(6) That particular part of any property that must be restored, repaired or replaced because "your work" was incorrectly performed on it.

On the face it appears that any house or building constructed by a GC (regardless of how much is subed out) would be excluded. This would settle the issue up front; but there are two exceptions to this exclusionary wording that must be considered:
Paragraph (2) of this exclusion does not apply if the premises are "your work" and were never occupied, rented or held for rental by you. And
Paragraph (6) of this exclusion does not apply to "property damage" included in the "products-completed operations hazard".

This gives coverage back to the contractor that builds or has a building constructed. In fact, it specfically gives back coverage for "property damage" included in the "products-completed operations hazard." Now, no part of the structure is excluded from coverage if loss or damage occurs.

Move to the subject exclusion: l. Damage To Your Work. When you couple this exclusion with Exclusion J., the combination can be confusing, but the intent appears to be that the only damage excluded in your "for instance" case is the cost to rewire. The damage to the building is covered under the exception to the "Property Damage" exlusion.

If it excludes all work done by the contractor, there would be no real purpose for have products-completed operations coverage - exclude it and enjoy the premium savings.
Ok so this is interesting. So far everyone agrees that the damage to the building in this "for instance" should be covered in full. However that is not what the book says and this "for instance" is not mine but the books. And the provider of the book is a well respected "Institute" of Risk Management.
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Re: Damage to "Your work" exclusion on CGL policy

Post by Insismypassion »

Rob,

I may have missed it in the previous postings, but another argument I have is: what happens if the CG 22 94 (Exclusion - Damage to Work Performed by Subcontractors on Your Behalf) is attached.

The exception in the Your Work Exclusion is removed by attachment of this endorsement. This would mean that the insured GC would have very little in the way of completed operations coverage. At least, not the breath of coverage the premium charged warrants.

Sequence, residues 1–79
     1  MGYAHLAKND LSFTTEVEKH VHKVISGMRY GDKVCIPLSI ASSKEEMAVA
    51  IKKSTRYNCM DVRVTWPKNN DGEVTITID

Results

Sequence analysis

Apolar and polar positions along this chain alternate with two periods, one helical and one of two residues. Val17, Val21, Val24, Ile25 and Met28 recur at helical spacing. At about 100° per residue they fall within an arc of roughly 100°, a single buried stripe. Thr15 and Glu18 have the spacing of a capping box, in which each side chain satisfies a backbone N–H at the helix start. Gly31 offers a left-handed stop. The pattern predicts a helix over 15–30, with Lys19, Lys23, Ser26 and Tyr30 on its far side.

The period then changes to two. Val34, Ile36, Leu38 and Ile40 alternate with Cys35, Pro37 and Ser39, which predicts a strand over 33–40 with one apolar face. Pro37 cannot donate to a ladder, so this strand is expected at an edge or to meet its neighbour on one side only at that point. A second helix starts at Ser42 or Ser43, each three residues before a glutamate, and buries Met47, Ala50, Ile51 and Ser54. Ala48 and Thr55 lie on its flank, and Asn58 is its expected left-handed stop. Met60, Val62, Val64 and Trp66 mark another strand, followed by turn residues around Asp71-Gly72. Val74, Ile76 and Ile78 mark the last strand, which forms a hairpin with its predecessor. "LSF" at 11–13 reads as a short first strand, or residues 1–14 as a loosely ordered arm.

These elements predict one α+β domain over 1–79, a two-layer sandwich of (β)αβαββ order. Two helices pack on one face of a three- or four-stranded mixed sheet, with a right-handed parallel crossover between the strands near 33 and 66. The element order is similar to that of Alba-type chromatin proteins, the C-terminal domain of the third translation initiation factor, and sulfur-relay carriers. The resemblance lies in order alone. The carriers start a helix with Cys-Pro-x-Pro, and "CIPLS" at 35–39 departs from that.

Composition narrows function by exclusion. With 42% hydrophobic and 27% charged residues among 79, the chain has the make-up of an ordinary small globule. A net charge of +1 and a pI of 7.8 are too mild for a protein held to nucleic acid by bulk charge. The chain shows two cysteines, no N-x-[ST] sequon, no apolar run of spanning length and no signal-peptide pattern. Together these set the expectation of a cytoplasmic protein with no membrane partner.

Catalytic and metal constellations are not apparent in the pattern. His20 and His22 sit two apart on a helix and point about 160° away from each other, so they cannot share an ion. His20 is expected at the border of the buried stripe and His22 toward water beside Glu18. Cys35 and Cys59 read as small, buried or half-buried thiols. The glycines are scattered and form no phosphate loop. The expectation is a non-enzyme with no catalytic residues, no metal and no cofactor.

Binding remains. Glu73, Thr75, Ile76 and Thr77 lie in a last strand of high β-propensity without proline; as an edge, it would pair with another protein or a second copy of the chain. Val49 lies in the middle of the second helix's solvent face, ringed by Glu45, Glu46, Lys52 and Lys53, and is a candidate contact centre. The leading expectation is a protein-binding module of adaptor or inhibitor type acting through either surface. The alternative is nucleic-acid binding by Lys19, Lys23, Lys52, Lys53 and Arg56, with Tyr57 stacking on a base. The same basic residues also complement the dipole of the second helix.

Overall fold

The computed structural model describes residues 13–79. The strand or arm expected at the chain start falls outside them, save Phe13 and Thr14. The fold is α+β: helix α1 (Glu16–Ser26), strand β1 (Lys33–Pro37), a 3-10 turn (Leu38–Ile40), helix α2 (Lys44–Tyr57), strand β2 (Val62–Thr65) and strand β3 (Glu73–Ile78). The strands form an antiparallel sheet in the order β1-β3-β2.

Let's say a subcontracted electician incorrectly wired the home rather than an employee of the GC; what would the electician's insurance carrier ultimately be required to pay if his actions caused the house (or building) to burn down? The cost to rebuild the building less the cost of wiring. He's the one that caused the damage, not the GC. Why should the GC's policy be any different if his work causes the damage? Not all of the GC's work caused the damage, just one part of it. I can accept excluding the part of the work that caused the loss, but not all work of the GC.

Also, let's not forget subrogation in this discussion. In most states, the GC has ultimate responsibility for the job during and after construction. If the building burns dow, the property carrier for the building owner if going to pay the claim; if it is found that it was a problem in construction means or methods, they will subrogate against the GC. The GC's insurer (hopefully) will pay giving the insurance carrier the right to subrogate against any party that may have caused the damage (a subcontractor).

As I mentioned earlier, there is ambiguity in the policy and ambiguity is usually found in favor of the individual or entity that didn't write the contract - the insured.